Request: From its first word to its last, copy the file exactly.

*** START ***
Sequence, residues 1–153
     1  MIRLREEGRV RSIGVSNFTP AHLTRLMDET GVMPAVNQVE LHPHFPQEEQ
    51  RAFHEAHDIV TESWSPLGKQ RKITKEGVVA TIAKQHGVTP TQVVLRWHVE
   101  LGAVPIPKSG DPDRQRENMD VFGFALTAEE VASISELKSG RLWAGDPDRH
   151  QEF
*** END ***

Sequence, residues 1–153
     1  MIRLREEGRV RSIGVSNFTP AHLTRLMDET GVMPAVNQVE LHPHFPQEEQ
    51  RAFHEAHDIV TESWSPLGKQ RKITKEGVVA TIAKQHGVTP TQVVLRWHVE
   101  LGAVPIPKSG DPDRQRENMD VFGFALTAEE VASISELKSG RLWAGDPDRH
   151  QEF